Improving operational performance within social housing

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Improving Operational Performance within

Social Housing

ACTA WASAENSIA 280

INDUSTRIAL MANAGEMENT 29

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Reviewers Professor Madya Sr. Dr. David Martin Faculty of Technology Management and Business University Tun Hussein Onn Malaysia 86400 Parit Raja

Batu Pahat, Johor Malaysia

Docent Juha Kostiainen Panuntie 11

FI–00620 Helsinki Finland

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Julkaisija Julkaisuajankohta Vaasan yliopisto Toukokuu 2013

Tekijä(t) Julkaisun tyyppi

Teppo Forss Artikkelikokoelma

Julkaisusarjan nimi, osan numero Acta Wasaensia, 280

Yhteystiedot ISBN

Vaasan yliopisto Teknillinen tiedekunta Tuotantotalous

PL 700

FI-65101 Vaasa

978–952–476–449–0 (nid.) 978–952–476–450–6 (pdf)

ISSN

0355–2667 (Acta Wasaensia 280, painettu) 2323–9123 (Acta Wasaensia 280, verkkojulkaisu) 1456–3738 (Acta Wasaensia. Tuotantotalous 29, painettu) 2324–0407 (Acta Wasaensia. Tuotantotalous 29, verkkojulkaisu)

Sivumäärä Kieli

165 Englanti

Julkaisun nimike

Sosiaalisen asumisen operatiivinen tehokkuus Tiivistelmä

Tämä työ tutkii sosiaalisen asumisen, talouden ja yritysten toimintojen välisiä yhteyksiä. Vertailussa on sosiaalisen asumisen malleja Suomesta, Thaimaasta ja Kiinasta. Vertailu tehtiin pitkän aikavälin taloudellisen kehityksen, makrotalou- den tekijöiden sekä sosiaalisen asumisen päätöksenteon perusteella. Väitöskirja tarkastelee sosiaalista asumista alueellisen kehityksen ja talouskasvun välineenä.

Tässä työssä arvioidaan sosiaalista asumista toteuttavien yritysten strategista suuntautumista ja toiminnan tehokkuutta. Tutkimuksen tarkoituksena on parantaa strategista päätöksentekoa ja toimeenpanoa kokoamalla eri tekijöitä yhteen yritys- tason päätöksenteon tueksi. Tarkoituksena on myös tunnistaa ja arvioiden listata tavoitteita ja päämääriä päätöksentekijöille sekä muuntaa makrotason suuntauksia strategiksi tavoitteiksi asumista toteuttaville yhtiöille ja niiden toiminnoille. Työs- sä verrataan yritysten suorituskykyä vertailumalleihin ja parhaisiin käytäntöihin sekä määritellään yritysten strategisia profiileja.

Työssä esitellään asumisen operatiiviseen toimintaan ja resursointiin kehitettyä, erityisesti asuntojen vuokraamiseen liittyvää, dynaamista mallia. Malli toteutettiin seuraamalla kahden asumista tarjoavan yhtiön sisäisiä ja ulkoisia suuntauksia Suomessa. Suuremman osallistujajoukon avulla on hyvät mahdollisuudet ennus- taa käyttäytymistä Suomen asumismarkkinoilla, mikä on hyödyllistä strategisessa suunnittelussa ja päätöksenteossa.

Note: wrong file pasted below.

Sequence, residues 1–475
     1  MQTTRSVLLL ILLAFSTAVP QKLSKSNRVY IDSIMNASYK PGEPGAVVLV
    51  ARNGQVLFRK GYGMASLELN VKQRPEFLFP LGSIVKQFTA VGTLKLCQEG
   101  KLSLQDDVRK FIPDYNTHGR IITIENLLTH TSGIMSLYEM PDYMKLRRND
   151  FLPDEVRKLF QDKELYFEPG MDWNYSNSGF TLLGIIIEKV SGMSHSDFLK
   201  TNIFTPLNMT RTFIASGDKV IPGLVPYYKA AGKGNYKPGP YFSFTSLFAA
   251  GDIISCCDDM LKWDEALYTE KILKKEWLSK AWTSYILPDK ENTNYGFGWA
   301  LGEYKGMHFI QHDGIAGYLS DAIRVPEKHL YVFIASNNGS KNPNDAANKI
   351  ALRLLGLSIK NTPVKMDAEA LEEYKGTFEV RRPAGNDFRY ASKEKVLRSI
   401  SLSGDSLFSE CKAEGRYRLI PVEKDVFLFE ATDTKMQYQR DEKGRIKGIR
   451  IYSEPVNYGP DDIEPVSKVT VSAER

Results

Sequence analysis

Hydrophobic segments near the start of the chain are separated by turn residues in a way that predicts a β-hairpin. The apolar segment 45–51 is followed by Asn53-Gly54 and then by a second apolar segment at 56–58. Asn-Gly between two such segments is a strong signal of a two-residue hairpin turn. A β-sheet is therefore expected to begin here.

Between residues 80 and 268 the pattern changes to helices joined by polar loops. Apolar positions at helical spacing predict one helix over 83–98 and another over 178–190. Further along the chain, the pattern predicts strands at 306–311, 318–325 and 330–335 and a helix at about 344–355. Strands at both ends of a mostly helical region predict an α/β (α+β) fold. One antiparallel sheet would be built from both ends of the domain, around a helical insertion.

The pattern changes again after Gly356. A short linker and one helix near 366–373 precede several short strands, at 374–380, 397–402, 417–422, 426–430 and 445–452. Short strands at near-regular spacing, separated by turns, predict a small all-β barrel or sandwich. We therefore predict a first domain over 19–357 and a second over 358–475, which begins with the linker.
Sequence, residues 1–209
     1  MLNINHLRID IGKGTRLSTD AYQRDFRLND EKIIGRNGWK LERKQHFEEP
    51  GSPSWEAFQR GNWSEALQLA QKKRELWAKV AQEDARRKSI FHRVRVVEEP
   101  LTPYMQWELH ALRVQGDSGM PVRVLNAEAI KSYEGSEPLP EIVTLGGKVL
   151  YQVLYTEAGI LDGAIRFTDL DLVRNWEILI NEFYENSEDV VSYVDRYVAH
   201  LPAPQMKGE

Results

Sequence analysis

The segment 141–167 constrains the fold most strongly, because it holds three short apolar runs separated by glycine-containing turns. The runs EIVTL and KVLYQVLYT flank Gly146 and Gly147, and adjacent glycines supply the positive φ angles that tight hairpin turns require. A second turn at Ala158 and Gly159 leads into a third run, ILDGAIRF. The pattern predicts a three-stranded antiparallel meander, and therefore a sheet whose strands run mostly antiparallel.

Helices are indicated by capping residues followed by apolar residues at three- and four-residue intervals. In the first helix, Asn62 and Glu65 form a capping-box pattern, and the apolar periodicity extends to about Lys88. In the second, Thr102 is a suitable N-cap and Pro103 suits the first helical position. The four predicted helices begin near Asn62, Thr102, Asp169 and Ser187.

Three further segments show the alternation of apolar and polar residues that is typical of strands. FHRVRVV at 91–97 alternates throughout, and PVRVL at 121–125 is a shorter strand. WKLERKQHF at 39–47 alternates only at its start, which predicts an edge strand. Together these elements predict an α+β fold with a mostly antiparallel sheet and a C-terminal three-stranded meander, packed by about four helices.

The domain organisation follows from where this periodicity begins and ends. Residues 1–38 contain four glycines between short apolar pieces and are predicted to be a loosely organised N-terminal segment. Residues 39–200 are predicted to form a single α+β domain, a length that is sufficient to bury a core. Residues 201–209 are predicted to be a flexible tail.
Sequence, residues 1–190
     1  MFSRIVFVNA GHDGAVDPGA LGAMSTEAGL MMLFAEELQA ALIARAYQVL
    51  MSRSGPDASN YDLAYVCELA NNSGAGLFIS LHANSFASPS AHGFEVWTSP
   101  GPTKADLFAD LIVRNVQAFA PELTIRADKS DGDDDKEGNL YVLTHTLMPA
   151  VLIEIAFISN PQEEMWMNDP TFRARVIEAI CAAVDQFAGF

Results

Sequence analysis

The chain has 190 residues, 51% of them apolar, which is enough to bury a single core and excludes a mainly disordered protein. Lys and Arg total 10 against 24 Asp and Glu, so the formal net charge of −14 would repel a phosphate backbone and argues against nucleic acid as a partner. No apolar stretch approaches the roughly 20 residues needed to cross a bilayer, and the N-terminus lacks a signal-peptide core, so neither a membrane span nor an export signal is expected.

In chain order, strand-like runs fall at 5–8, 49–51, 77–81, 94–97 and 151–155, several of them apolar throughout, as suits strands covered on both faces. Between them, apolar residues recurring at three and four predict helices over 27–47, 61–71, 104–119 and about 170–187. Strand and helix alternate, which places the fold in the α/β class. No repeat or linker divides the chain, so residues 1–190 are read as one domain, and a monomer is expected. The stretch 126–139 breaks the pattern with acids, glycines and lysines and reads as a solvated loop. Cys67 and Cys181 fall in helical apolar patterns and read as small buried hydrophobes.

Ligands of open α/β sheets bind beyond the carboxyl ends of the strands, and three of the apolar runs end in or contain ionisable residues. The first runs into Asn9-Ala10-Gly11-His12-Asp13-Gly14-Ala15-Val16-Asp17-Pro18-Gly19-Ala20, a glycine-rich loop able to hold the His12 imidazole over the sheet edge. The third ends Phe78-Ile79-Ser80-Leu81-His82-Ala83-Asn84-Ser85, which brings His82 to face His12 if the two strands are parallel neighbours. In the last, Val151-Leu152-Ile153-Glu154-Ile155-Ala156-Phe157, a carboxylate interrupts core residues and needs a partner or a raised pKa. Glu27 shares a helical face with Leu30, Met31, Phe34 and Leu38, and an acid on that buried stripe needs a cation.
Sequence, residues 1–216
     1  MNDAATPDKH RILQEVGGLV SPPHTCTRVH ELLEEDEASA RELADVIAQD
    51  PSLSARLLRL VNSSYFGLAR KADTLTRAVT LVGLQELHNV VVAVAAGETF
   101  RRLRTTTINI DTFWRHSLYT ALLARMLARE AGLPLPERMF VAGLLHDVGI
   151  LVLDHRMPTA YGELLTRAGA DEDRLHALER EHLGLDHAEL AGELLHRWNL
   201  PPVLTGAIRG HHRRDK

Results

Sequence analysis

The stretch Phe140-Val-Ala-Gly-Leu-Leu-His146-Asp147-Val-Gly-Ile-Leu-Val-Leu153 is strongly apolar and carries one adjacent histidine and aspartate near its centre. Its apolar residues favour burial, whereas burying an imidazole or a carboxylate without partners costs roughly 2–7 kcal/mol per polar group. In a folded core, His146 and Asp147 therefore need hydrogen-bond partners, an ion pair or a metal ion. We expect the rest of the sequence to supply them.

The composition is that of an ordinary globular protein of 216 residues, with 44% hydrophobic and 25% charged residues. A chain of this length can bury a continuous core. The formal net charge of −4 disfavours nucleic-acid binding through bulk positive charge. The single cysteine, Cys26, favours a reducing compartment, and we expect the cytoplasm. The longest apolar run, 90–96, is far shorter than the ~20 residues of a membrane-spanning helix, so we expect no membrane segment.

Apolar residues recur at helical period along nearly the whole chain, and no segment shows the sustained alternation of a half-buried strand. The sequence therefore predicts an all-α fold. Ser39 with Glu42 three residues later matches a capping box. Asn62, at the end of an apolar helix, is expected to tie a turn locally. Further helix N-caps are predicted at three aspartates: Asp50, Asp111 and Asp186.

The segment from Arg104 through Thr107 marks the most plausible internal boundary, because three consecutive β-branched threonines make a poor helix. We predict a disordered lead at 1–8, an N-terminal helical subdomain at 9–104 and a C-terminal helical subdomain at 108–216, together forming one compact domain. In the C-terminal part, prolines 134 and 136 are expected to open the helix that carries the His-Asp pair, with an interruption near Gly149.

Asiasanat

Sosiaalinen asuminen, päätöksenteko, strateginen tyyppi, kiinteistöhallinta

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Publisher Date of publication

Vaasan yliopisto May 2013

Author(s) Type of publication

Teppo Forss Selection of articles

Name and number of series Acta Wasaensia, 280

Contact information ISBN University of Vaasa

Faculty of Technology Industrial Management P.O. Box 700

FI–65101 Vaasa

978–952–476–449–0 (print) 978–952–476–450–6 (online)

ISSN

0355–2667 (Acta Wasaensia 280, print) 2323–9123 (Acta Wasaensia 280, online)

1456–3738 (Acta Wasaensia. Industrial Management 29, print) 2324–0407 (Acta Wasaensia. Industrial Management 29, online)

Number of pages Language

165 English

Title of publication

Improving Operational Performance within Social Housing Abstract

This work explores the connection between Social Housing policies, the economy and companies’ operations. A comparison is made between social housing models of Finland, Thailand, and China, based on long-term analysis of economic lifecy- cle, macroeconomic indicators and social housing decision making. This disserta- tion examines social housing as a tool for regional development and economic growth.

The work evaluates strategic orientation and operational effectiveness of compa- nies involved in social housing projects. It enhances strategic decision making and policy implementation, compiling indicators for operation management on a company level. The goal is also to identify and evaluate a complete list of targets or goals for policy makers and to translate macro level trends into strategic priori- ties for housing companies and operation level indicators. The work compares company performance with benchmark models and best practices and categorises companies’ strategic profiles.